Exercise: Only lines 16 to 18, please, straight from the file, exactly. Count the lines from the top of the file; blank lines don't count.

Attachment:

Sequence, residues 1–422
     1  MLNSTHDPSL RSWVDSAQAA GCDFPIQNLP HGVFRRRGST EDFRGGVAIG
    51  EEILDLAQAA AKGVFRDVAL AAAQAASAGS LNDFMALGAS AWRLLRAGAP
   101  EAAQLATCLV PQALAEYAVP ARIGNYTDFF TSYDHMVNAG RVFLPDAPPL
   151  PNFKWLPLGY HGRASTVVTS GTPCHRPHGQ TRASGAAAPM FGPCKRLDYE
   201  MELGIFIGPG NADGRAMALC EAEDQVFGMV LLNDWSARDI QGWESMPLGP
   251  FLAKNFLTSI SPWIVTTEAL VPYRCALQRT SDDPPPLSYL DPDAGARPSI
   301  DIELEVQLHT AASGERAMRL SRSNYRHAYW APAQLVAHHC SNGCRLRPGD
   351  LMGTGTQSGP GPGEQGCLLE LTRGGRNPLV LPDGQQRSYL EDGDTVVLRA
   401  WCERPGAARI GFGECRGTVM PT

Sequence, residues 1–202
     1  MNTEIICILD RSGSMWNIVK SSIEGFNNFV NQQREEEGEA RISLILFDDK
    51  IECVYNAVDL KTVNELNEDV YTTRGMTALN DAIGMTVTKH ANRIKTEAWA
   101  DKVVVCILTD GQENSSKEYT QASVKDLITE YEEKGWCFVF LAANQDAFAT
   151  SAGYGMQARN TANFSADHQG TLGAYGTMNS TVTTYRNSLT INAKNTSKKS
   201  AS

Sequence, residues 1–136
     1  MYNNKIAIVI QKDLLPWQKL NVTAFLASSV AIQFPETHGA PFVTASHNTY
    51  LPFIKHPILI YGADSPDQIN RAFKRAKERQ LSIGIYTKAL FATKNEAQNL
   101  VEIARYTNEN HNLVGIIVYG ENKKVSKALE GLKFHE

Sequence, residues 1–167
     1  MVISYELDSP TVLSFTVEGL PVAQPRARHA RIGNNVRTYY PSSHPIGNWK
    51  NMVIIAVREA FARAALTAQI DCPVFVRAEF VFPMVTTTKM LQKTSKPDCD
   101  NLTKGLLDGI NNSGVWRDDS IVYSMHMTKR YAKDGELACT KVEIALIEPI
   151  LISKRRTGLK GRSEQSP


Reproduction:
   201  AS

Sequence, residues 1–136
     1  MYNNKIAIVI QKDLLPWQKL NVTAFLASSV AIQFPETHGA PFVTASHNTY